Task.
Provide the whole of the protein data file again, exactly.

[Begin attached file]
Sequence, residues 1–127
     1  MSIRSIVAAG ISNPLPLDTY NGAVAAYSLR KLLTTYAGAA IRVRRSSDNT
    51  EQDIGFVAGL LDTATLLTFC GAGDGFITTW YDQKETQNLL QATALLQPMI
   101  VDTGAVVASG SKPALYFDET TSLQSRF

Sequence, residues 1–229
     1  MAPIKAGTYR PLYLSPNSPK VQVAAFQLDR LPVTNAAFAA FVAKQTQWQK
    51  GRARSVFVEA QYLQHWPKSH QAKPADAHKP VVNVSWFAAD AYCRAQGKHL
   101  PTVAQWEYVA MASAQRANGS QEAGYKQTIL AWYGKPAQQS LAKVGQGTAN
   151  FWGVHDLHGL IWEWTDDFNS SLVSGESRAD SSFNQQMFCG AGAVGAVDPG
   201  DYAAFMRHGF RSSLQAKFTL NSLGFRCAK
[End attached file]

Sequence, residues 1–127
     1  MSIRSIVAAG ISNPLPLDTY NGAVAAYSLR KLLTTYAGAA IRVRRSSDNT
    51  EQDIGFVAGL LDTATLLTFC GAGDGFITTW YDQKETQNLL QATALLQPMI
   101  VDTGAVVASG SKPALYFDET TSLQSRF

Sequence, residues 1–229
     1  MAPIKAGTYR PLYLSPNSPK VQVAAFQLDR LPVTNAAFAA FVAKQTQWQK
    51  GRARSVFVEA QYLQHWPKSH QAKPADAHKP VVNVSWFAAD AYCRAQGKHL
   101  PTVAQWEYVA MASAQRANGS QEAGYKQTIL AWYGKPAQQS LAKVGQGTAN
   151  FWGVHDLHGL IWEWTDDFNS SLVSGESRAD SSFNQQMFCG AGAVGAVDPG
   201  DYAAFMRHGF RSSLQAKFTL NSLGFRCAK